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  7. Everybody wants to give a dog a fair shake. Many dogs in shelters are so afraid of the chaotic, stressful environment. Behavior evaluations also don’t always tell you how a dog will act in a certain environment. Many rescuers end up keeping unadoptable dogs as well due to different ‘quirks’. I have a dog (gsd x boxer) that I think would be unadoptable but I guess in the shelter environment I suspect she would be put on deathrow rather quickly. In her first home she bit a stranger who broke into the house. She is fear aggressive so is only a danger when someone tries to grab her or corner her. She shows teeth when she is uncomfortable. BUT, her head and butt is usually lowered when she shows the teeth and her tail is tucked and wagging profusely, even peeing a bit. That said, she gets along great with my cats and dogs and is very affectionate and has a loving personality. When visitors come over I do not trust them even when I say DO NOT INTERACT. Instead she is kenneled or on leash behind me for the first 48 hours. after that the stranger is her best buddy. If I had little kids or if I had a lot of visitors I probably would not be willing to do this over and over, but since I don’t and I love her, she fits in my life very well. I do think that knowing her past has really helped me figure out how to manage her and that bite history should be given to new dog owners. Another article I read about this adoption though said she brought the dog home and immediately introduced to her two dogs and let them play exuberantly together. That is a BIG NO NO in my book so she can’t have been very experienced. The first two weeks a dog is in a new home is very critical to figuring out how they tick and keeping excitement down to near zero level and any dogs that have e-collar I ever encountered only use the vibrate setting as a tap on the shoulder to a dog that has a problem keeping focused.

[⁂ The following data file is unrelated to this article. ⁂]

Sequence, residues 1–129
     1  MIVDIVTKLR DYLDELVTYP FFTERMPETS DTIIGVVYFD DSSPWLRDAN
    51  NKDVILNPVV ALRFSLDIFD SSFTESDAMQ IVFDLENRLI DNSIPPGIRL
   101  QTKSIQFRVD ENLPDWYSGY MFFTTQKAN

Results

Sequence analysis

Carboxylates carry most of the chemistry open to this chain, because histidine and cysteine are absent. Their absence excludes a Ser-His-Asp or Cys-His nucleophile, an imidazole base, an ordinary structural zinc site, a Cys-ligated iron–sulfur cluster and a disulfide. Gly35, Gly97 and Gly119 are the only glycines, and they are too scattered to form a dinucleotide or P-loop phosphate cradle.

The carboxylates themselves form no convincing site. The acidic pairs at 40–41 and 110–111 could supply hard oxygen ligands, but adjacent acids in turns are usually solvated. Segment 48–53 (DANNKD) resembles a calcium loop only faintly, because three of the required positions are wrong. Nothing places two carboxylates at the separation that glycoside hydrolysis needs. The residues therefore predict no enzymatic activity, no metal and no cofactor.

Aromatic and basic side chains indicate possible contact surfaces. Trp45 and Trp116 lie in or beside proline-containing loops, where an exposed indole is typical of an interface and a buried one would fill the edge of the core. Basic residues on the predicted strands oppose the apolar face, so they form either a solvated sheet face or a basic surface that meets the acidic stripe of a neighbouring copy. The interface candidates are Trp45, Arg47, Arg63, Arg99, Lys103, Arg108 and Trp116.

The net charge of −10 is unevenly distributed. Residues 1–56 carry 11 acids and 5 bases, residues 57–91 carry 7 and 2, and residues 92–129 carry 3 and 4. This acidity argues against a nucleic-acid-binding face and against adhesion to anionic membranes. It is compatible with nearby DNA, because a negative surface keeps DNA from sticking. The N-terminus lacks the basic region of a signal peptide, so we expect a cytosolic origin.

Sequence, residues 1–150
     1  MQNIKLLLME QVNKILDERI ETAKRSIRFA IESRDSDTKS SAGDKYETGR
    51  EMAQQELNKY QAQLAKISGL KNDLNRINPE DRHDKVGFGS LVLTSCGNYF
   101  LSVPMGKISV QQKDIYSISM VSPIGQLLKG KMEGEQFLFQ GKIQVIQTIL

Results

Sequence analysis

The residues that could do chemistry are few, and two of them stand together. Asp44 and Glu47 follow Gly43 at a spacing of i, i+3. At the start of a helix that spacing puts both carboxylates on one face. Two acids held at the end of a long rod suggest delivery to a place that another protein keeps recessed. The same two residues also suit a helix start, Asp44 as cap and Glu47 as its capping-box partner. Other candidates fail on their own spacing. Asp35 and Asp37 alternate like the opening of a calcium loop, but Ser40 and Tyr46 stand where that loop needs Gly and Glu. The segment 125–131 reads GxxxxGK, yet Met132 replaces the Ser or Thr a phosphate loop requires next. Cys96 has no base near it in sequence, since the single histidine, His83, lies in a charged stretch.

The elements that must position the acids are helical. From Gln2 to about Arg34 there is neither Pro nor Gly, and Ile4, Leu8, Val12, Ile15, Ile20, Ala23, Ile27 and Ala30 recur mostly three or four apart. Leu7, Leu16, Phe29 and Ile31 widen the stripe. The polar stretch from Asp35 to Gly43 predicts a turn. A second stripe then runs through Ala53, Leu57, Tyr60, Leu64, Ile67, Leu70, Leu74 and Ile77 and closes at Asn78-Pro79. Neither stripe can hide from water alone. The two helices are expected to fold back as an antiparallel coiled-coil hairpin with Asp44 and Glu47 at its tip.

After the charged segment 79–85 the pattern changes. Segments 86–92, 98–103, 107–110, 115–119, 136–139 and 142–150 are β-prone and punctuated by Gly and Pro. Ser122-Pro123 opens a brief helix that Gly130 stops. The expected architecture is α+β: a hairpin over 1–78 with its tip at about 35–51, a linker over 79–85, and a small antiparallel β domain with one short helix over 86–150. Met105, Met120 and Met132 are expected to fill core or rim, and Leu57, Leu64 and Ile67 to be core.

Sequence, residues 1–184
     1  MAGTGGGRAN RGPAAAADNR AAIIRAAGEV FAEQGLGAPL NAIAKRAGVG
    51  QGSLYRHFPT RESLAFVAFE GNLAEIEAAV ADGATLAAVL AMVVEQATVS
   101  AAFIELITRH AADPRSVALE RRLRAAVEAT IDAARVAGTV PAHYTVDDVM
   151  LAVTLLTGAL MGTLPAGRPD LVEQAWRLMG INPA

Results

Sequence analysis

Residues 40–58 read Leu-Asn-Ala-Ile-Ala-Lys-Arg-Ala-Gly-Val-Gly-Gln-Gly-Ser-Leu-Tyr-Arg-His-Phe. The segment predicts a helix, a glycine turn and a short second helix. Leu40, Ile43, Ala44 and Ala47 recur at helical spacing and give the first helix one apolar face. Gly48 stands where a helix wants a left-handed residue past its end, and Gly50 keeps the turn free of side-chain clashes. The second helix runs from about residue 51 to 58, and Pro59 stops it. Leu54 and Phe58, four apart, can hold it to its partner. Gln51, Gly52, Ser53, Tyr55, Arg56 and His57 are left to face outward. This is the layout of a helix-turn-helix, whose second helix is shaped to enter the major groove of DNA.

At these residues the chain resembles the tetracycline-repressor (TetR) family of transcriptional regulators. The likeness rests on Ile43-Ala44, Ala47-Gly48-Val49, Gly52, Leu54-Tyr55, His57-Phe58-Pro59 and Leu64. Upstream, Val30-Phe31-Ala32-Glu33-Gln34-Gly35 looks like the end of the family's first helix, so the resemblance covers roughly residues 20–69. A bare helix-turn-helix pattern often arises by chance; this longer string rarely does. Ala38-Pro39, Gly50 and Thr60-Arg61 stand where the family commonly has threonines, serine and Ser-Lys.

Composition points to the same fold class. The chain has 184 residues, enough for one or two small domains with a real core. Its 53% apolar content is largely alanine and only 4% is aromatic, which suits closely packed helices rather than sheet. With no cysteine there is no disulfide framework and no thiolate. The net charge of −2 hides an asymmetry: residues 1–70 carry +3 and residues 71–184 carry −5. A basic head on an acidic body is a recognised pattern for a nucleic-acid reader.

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    • thats bullshit. the OLD owner of the dog BLUE actually warned the rescue center about Blues aggression issues before she surrendered him

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      • That’s normally the case. Many of these rescues are well aware of the animals issues when they take them into their program, they’ve just convinced themselves and the world that they have magically fixed them and therefore don’t need to disclose the full details to the new adopters. This practice is a daily occurrence in rescue.

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      • IF you are talking about the owner where Blue “attacked” her 27 year old nephew, the dog was “attacking” this man for two minutes, the woman/owner was able to get the dog away with a treat and the man walked away with injuries equaled to an insect bite on his abdomen 😀 HA! The rescue did disclose to this owner that the dog was rehomed for “erratic behavior”. Now of course, a dog with erratic behavior should not go to a home with an elderly person living in it. Was the dog aggressive? Meh, it showed signs of a very poor impulse control and according to another source the dog attacked when the elderly woman fell. A story I have heard multiple times with people working with or around large predators. One second of weakness, the predatory response snaps into full mode and that is what it sounded like what happened with this dog. Aggression is not always based off of fear like the fur mommies would want you to believe. Predatory aggression is an aggression any healthy carnivore will willingly and take joy in participating in.

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    • This dog was not only aggressive, but was adopted out and returned at least 2 other times for aggression from FHRC in the month or 2 before he attacked and killed a woman within hours of being placed. There were at least 3 recorded instances of his aggression before he ever got to Virginia. You must be an FHRC rep. Is that you Lydia? Additionally, if the dog were not aggressive, please give a reason why he was wearing a shock collar?

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      • my dog wears an “electric training collar” for off leash control, was just at the dog beach and there was a very docile calm dog with one. Since I am familiar with them I can usually spot them on dogs way before other people. There are a variety of reasons to train with one, the primary reason being, if they are properly used, they are amazing training tools. I would never trust an armature to use one, so I would like to think this adopter was schooled on how to use. Does not sound like it, but then again, news articles only tell a sliver of the story.